But it’s still hard to predict which forms of the virus will be spreading six months in the future. International travel complicates the process, allowing strains of virus to jump thousands of miles in hours.
“Those patterns really affect the flu season in some ways,” Blackman said. “We’ve wondered sometimes if we might not just end up with a 12-month-a-year flu issue. ... People travel all the time.”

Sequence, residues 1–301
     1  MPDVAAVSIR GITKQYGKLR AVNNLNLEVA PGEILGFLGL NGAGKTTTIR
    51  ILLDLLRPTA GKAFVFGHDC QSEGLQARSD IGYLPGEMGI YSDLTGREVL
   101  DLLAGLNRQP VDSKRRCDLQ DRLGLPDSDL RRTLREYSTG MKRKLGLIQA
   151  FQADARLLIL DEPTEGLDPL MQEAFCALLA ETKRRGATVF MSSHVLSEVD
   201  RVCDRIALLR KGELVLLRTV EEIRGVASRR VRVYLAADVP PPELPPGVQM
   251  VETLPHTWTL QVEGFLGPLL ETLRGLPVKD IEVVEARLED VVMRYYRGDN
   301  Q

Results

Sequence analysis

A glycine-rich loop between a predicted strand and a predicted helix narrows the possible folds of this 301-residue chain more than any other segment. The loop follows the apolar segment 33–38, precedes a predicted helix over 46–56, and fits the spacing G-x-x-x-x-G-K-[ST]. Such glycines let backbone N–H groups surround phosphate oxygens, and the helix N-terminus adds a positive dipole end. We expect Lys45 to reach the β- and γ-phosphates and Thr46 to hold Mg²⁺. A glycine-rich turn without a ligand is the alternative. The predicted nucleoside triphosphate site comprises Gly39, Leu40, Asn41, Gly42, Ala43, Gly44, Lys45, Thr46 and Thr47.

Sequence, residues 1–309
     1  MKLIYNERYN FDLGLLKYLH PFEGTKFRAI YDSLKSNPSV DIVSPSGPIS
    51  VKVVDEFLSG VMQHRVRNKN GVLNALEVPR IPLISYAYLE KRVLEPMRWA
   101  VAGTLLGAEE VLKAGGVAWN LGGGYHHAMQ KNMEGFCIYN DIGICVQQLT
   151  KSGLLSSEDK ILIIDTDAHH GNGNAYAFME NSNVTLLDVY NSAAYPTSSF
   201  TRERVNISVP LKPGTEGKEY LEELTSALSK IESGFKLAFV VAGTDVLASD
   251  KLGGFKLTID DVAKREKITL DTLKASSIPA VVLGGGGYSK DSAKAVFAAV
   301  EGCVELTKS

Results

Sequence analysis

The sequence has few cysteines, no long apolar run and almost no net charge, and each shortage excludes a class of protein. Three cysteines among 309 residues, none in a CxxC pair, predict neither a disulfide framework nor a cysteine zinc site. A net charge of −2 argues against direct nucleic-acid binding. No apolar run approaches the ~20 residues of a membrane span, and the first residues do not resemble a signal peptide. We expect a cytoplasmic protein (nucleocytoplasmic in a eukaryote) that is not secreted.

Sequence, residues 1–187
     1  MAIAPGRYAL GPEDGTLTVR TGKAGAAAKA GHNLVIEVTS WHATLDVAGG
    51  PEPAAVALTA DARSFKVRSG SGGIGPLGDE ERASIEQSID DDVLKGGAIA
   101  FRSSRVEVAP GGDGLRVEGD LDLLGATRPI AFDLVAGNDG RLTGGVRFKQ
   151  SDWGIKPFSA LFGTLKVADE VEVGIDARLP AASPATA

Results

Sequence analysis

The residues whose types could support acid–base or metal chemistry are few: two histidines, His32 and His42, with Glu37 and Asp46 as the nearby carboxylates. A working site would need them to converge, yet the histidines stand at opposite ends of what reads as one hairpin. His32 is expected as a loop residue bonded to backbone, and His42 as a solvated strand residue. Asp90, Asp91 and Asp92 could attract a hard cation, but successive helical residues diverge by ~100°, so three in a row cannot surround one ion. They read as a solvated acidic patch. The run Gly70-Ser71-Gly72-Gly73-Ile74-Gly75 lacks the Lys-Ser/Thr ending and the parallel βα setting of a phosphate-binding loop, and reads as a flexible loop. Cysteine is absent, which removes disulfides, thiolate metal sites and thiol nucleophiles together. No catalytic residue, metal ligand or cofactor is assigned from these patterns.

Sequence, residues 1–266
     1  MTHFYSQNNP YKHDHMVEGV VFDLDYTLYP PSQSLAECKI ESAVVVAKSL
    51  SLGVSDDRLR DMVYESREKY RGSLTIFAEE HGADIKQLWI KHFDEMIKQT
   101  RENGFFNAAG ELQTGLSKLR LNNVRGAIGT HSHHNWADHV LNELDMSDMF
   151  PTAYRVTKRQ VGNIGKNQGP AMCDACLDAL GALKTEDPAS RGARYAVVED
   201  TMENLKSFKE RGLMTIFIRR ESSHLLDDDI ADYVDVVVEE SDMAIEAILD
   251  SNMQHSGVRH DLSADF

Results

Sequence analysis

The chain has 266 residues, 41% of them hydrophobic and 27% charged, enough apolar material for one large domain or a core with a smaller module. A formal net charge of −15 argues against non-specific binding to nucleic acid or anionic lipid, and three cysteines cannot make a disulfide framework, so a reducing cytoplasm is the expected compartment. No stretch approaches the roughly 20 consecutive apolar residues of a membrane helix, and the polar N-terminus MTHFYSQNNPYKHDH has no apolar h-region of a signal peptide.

The CDC’s conclusions about the coming season are provided to vaccine manufacturers. If the CDC predicts correctly, the vaccine matches the prevalent viruses. This year, it does, according to the latest CDC report.